- The Ryder Cup is the result of several attempts in the 1920s to encourage top players from Great Britain and the United States to make the journey across the pond for each other’s national championships. When an unusually large number of leading American golfers turned up for the 1926 Open Championship, the great Walter Hagen rounded up 10 of his compatriots to take on 10 of the best British players in a matchplay event at the Wentworth Club. The contest, won 13-1 by the Brits, was sponsored by one Samuel Ryder – a prominent businessman and prolific golf patron of the era.
Due to a number of technicalities, however, most golf historians insist the first staging of the Ryder Cup did not take place until the following year. The 1927 match at Worcester Golf Club in Massachusetts was a much more formal affair than its predecessor, with a proper set of rules and a Deed of Trust drawn up for the occasion. From then on, the Ryder Cup was staged every two years between 12 born-and-bred representatives of Great Britain and of the United States.
Matches were evenly contested prior to World War II, with the US winning four times and the British twice. That all changed after the war, however, as the Americans reeled off 14 wins in 15 contests between 1947 and 1977. Even the addition of Irish players from 1953 onwards did little to aid the Brits. Such was the scope of America’s dominance that Jack Nicklaus pushed for the opposing team to include all of Europe – an idea that was adopted in 1979.
That move ushered in an exciting new era for the Ryder Cup. Now able to call on the likes of Seve Ballesteros and Bernhard Langer as well as Nick Faldo, Ian Woosnam and Sandy Lyle, the European team broke a 28-year drought in 1985 and went on to win three in a row. Seve’s infamous spats with Paul Azinger in 1989 and 1991 took the rivalry to a new level and boosted public interest through the roof. Tight, testy, hard-fought matches have been the norm ever since, with contests often coming down to the final pairings on Sunday afternoon.
YEAR WINNER SCORE HOST COURSE TEAM CAPTAINS 2018 Europe 17.5-10.5 Le Golf National (Paris, France) Jim Furyk
2016 United States 17-11 Hazeltine National (Minnesota, USA) David Love III
2014 Europe 16.5-11.5 Gleneagles (Perth & Kinross, Scotland) Paul McGinley
2012 Europe 14.5-13.5 Medinah (Illinois, USA) Davis Love III
Jose Maria Olazabal
2010 Europe 14.5-13.5 Celtic Manor (Newport, Wales) Colin Montgomerie
2008 United States 16.5-11.5 Valhalla (Kentucky, USA) Paul Azinger
2006 Europe 18.5-9.5 K Club (Kildare, Ireland) Ian Woosnam
2004 Europe 18.5-9.5 Oakland Hills (Michigan, USA) Hal Sutton
2002 Europe 15.5-12.5 The Belfry (Warwickshire, England) Sam Torrance
2001 MATCHES POSTPONED DUE TO 9/11 ATTACKS 1999 United States 14.5-13.5 The Country Club (Massachusetts, USA) Ben Crenshaw
1997 Europe 14.5-13.5 Valderrama (Andalusia, Spain) Seve Ballesteros
1995 Europe 14.5-13.5 Oak Hill (New York, USA) Lanny Wadkins
1993 United States 15-13 The Belfry (Warwickshire, England) Bernard Gallacher
1991 United States 14.5-13.5 Kiawah Island (South Carolina, USA) Dave Stockton
1989 Europe* 14-14 The Belfry (Warwickshire, England) Tony Jacklin
1987 Europe 15-13 Muirfield Village (Ohio, USA) Jack Nicklaus
1985 Europe 16.5-11.5 The Belfry (Warwickshire, England) Tony Jacklin
1983 United States 14.5-13.5 PGA National (Florida, USA) Jack Nicklaus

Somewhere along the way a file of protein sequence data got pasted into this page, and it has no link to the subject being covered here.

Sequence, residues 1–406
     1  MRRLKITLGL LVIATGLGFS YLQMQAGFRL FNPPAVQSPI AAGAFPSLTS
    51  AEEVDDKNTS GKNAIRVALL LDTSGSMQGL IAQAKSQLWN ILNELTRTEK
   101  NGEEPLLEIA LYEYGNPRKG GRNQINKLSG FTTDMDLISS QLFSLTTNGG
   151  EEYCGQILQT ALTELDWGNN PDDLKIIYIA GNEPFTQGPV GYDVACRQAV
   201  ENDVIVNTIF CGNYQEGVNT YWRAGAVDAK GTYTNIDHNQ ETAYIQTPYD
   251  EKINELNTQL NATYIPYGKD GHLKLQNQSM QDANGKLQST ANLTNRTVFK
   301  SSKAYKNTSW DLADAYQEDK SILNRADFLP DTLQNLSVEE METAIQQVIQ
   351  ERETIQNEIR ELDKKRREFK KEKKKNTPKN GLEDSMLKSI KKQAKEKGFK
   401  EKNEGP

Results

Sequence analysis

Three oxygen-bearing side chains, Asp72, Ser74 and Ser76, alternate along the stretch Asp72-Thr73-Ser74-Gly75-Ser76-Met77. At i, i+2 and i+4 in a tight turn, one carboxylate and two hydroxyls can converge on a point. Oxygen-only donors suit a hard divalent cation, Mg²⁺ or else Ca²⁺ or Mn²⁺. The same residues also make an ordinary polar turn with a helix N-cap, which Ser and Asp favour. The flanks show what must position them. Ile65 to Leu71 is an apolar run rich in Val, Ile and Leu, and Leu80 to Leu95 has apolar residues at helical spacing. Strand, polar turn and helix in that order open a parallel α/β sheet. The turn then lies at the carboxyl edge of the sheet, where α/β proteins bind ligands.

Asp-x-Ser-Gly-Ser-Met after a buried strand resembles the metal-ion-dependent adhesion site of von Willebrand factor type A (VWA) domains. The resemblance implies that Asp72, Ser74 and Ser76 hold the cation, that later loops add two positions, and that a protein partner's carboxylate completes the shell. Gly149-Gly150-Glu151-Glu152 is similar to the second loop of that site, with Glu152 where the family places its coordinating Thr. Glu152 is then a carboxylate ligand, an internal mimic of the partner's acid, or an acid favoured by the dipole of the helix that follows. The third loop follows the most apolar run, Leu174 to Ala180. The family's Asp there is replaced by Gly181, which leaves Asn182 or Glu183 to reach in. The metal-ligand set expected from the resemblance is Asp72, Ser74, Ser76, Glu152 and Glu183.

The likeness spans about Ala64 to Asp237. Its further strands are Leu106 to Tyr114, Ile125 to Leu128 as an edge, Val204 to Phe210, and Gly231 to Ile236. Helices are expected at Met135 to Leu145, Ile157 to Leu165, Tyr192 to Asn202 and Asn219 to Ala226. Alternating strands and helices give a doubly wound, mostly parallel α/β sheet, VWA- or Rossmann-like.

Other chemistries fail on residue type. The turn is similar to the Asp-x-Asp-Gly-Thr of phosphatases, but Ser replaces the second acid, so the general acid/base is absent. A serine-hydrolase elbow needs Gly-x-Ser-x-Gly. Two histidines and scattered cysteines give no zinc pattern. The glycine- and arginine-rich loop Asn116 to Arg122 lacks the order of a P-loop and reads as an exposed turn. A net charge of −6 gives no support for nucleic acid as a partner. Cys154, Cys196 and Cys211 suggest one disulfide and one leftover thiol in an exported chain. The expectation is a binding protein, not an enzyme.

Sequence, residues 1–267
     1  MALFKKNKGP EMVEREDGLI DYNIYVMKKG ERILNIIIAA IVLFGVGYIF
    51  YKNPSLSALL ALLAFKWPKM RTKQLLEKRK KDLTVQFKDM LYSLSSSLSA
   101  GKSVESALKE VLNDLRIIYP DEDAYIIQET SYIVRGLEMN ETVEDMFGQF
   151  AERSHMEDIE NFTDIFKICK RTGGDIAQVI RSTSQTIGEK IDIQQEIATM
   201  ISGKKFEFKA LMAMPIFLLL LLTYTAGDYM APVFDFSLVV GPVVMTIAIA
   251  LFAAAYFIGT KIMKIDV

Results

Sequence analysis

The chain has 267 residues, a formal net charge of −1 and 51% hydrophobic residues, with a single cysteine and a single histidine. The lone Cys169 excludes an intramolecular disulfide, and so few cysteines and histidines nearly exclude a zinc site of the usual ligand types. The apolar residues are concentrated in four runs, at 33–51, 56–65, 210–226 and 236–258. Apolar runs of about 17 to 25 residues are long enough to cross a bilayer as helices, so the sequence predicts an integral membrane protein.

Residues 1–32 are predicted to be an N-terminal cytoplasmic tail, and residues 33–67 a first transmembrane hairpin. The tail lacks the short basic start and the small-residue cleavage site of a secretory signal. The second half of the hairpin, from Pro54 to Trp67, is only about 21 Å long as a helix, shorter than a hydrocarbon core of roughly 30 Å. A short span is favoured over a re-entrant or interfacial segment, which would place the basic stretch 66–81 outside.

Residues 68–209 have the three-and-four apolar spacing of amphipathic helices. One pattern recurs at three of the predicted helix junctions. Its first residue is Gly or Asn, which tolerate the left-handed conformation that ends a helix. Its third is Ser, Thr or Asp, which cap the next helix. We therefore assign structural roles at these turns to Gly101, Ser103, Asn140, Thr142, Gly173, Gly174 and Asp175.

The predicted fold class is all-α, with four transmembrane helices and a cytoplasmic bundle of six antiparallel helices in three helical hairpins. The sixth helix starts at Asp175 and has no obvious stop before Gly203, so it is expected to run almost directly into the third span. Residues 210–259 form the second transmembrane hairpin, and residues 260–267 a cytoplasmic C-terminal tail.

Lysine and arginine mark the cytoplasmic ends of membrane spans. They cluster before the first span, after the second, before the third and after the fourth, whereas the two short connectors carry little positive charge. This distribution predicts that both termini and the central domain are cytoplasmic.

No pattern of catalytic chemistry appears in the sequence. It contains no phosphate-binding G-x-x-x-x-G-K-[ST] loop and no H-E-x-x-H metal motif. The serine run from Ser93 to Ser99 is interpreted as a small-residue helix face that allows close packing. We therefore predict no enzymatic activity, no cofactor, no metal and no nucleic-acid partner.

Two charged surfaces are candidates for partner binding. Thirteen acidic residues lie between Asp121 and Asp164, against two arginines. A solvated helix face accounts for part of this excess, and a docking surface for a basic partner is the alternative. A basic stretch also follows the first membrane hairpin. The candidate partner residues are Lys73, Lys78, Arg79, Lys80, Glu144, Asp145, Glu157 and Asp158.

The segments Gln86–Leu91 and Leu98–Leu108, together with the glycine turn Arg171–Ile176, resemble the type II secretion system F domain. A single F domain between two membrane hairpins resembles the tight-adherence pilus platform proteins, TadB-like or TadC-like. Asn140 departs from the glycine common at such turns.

1981 United States 18.5-9.5 Walton Heath (Surrey, England) John Jacobs
1979 United States 17-11 The Greenbrier (West Virginia, USA) Billy Casper
1977 United States 12.5-7.5 Royal Lytham & St Annes (Lancashire, England) Brian Huggett
1975 United States 21-11 Laurel Valley (Pennsylvania, USA) Arnold Palmer
1973 United States 19-13 Muirfield (East Lothian, Scotland) Bernard Hunt
Jack Burke Jr.
1971 United States 18.5-13.5 Old Warson (Missouri, USA) Jay Hebert
1969 United States* 16-16 Royal Birkdale (Lancashire, England) Eric Brown
1967 United States 23.5-8.5 Champions (Texas, USA) Ben Hogan
1965 United States 19.5-12.5 Royal Birkdale (Lancashire, England) Harry Weetman
1963 United States 23-9 Atlanta Athletic (Georgia, USA) Arnold Palmer
1961 United States 14.5-9.5 Royal Lytham & St Annes (Lancashire, England) Dai Rees
1959 United States 8.5-3.5 Eldorado (California, USA) Sam Snead
1957 Great Britain 7.5-4.5 Lindrick (West Riding of Yorkshire, England) Dai Rees
Jack Burke Jr.
1955 United States 8-4 Thunderbird (California, USA) Chick Harbert
1953 United States 6.5-5.5 Wentworth (Surrey, England) Henry Cotton
1951 United States 9.5-2.5 Pinehurst (North Carolina, USA) Sam Snead
1949 United States 7-5 Ganton (Yorkshire, England) Charles Whitcombe
1947 United States 11-1 Portland (Oregon, USA) Ben Hogan
NO MATCHES DUE TO WORLD WAR II 1937 United States 8-4 Southport & Ainsdale (Lancashire, England) Charles Whitcombe
1935 United States 9-3 Ridgewood (New Jersey, USA) Walter Hagen
1933 Great Britain 6.5-5.5 Southport & Ainsdale (Lancashire, England) J.H. Taylor
1931 United States 9-3 Scioto (Ohio, USA) Walter Hagen
1929 Great Britain 7-5 Moortown (Yorkshire, England) George Duncan
1927 United States 9.5-2.5 Worcester (Massachusetts, USA) Walter Hagen
* In the event of a draw, the previous winner retains the trophy.
- Most appearances: 12 – Phil Mickelson (1995-2018)
Most points won: 25.5 – Sergio Garcia (22-11-7)
Most singles points: 7 – Colin Montgomerie (6-0-2), Billy Casper (6-2-2), Lee Trevino (6-2-2), Arnold Palmer (6-3-2), Neil Coles (5-6-4)
Most foursome points: 11.5 – Bernhard Langer (11-6-1), Sergio Garcia (10-4-3)
Most fourball points: 10.5 – Ian Woosnam (10-3-1), Jose Maria Olazabal (9-2-3)
Most points by a pairing: 12 – Seve Ballesteros and Jose Maria Olazabal (11-2-2)
Best winning percentage: 100% – Jimmy Demaret (6-0-0)
Most points in a contest: 5 – Peter Alliss (1965), Tony Lema (1965), Gardner Dickinson (1967), Arnold Palmer (1967), Tony Jacklin (1969), Jack Nicklaus (1971), Larry Nelson (1979), Francesco Molinari (2018)